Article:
I'm wondering if it would be possible to build ducted fan "rocket".

My idea is to construct the duct from 18650 batteries, and to have a series of contra rotating fans along its length.

I can 3d print new blades to have a steeper angles as the air-flow/speed increases.

This is the fan I'm looking at.

A 90mm fan will let you make a ring of 16 batteries around the curcumference and it would be 6 batteries tall as it's a 6s motor.

Is this feasable/will it work? what kind of thrust would I get?

Here is a quick render I made:

enter image description here

  • $\begingroup$ Welcome to av.se. Not sure that this question is really on-topic here; may be better suited to a different stack exchange forum. Looks like an interesting project, though. $\endgroup$
    – Ralph J
    Nov 26, 2017 at 17:34
  • 1
    $\begingroup$ By stacking the fans like that, you're going to get way less thrust than what you are expecting. $\endgroup$
    – Federico
    Nov 26, 2017 at 17:37
  • 3
    $\begingroup$ That would probably be one of those things you have to file under the category of “well you could - but why would you want to?” $\endgroup$ Nov 26, 2017 at 18:06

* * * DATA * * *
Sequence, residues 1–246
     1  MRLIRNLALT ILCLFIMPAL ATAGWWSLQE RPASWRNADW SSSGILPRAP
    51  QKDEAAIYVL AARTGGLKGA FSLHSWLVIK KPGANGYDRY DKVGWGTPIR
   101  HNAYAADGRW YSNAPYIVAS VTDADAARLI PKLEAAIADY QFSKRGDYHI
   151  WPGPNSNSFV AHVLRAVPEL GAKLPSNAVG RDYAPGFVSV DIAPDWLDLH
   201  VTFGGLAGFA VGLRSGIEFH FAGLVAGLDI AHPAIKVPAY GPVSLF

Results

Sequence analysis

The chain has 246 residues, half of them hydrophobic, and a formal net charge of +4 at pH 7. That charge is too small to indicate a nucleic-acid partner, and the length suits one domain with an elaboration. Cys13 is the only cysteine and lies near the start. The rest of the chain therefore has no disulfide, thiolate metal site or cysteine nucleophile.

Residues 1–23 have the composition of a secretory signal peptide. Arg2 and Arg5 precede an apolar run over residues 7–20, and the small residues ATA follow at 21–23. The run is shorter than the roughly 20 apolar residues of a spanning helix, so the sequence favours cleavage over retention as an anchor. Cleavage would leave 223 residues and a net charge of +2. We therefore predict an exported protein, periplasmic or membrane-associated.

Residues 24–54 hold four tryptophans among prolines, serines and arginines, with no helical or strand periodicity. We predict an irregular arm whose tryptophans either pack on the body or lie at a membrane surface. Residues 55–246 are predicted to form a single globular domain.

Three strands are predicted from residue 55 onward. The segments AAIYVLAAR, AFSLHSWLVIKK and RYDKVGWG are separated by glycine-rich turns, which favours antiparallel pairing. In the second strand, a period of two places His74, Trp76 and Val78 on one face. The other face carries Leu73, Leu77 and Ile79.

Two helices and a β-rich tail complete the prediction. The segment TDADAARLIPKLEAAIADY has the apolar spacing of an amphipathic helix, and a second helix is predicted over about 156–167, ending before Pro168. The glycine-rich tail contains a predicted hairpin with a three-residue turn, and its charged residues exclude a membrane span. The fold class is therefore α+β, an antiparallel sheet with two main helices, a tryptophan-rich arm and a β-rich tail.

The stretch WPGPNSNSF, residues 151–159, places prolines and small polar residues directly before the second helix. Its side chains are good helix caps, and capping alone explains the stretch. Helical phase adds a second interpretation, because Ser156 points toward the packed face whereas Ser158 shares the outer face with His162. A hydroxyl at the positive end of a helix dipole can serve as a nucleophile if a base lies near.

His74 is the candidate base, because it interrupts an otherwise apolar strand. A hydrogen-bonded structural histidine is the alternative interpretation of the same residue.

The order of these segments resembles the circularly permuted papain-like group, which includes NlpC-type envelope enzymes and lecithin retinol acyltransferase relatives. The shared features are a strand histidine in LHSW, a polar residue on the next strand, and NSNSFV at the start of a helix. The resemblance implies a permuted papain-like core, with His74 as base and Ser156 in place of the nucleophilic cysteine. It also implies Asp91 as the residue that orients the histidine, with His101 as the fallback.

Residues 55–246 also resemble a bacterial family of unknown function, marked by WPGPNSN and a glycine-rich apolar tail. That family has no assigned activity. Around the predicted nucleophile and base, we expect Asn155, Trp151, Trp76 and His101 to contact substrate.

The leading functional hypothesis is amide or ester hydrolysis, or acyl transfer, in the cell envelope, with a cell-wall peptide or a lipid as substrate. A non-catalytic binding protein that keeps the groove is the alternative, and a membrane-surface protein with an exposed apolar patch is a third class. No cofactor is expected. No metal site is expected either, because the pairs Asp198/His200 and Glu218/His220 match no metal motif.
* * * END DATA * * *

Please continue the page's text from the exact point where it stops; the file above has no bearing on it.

• $\begingroup$ I want a platform on which to build/test a rocket flight computer & control system, launch - short ballistic flight - landing. I want to mimic what you get with real rockets - have the bottom fan gimble (5~10 degrees) and stablize it with thrusters near the top (divert air-flow from the top fan). I realize its not gonna have 4x the thrust, I'm just wondering how much I'll get with this design assuming the blades are optimised etc. $\endgroup$ Nov 26, 2017 at 19:08
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    $\begingroup$ With enough engineering you could probably get some fewer stage variation of this idea to fly to a degree, but it wouldn't really mimic the challenges of controlling the boost phase of a rocket. $\endgroup$ Nov 27, 2017 at 4:37

1 Answer 1


From the link you provided:


  • Rotor Diameter: 90mm
  • Fan blades:11 blades
  • Weight: about 350g
  • Working Voltage:6s(22.2V) lipo battery
  • Motor:Brushless Motor 3553 1450kv
  • No Load Current: 4.1 A
  • Load Current: 83A
  • No Load Speed:32190 rpm
  • Load Speed:16095 rpm
  • Thrust: 3300g
  • G/A:45.16

Assuming that 16 * 6/4 = 24 cells of type 18650 would be able to deliver full electrical power for the fan, the issue would indeed be the local angle of attack of the fan blades.

Thrust at full power is listed at 3.3 kg = 32 N. This would be at standstill/hovering conditions at sea level, since measuring at that level provides the highest thrust level for advertisements. Diameter is 0.09m. Net thrust T =

$$ T = \dot{m} \cdot (V_{out} - V_{in}) = \dot{m} \cdot \Delta V \tag{1}$$

$$ \dot{m} = \rho \cdot A \cdot V \tag{2} $$

Combining (1) and (2) for the hover, with $V_{in}$ = 0:

$$ V = \sqrt{\frac{T}{\rho \cdot A}} = \sqrt{\frac{32}{1.225 \cdot \pi/4\cdot0.09^2}} = ~\text{64 m/s}$$